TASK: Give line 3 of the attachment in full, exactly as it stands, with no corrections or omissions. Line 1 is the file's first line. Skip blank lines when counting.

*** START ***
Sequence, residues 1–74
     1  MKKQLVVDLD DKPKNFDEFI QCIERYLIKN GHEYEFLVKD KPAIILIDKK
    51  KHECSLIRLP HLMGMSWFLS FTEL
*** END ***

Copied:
    51  KHECSLIRLP HLMGMSWFLS FTEL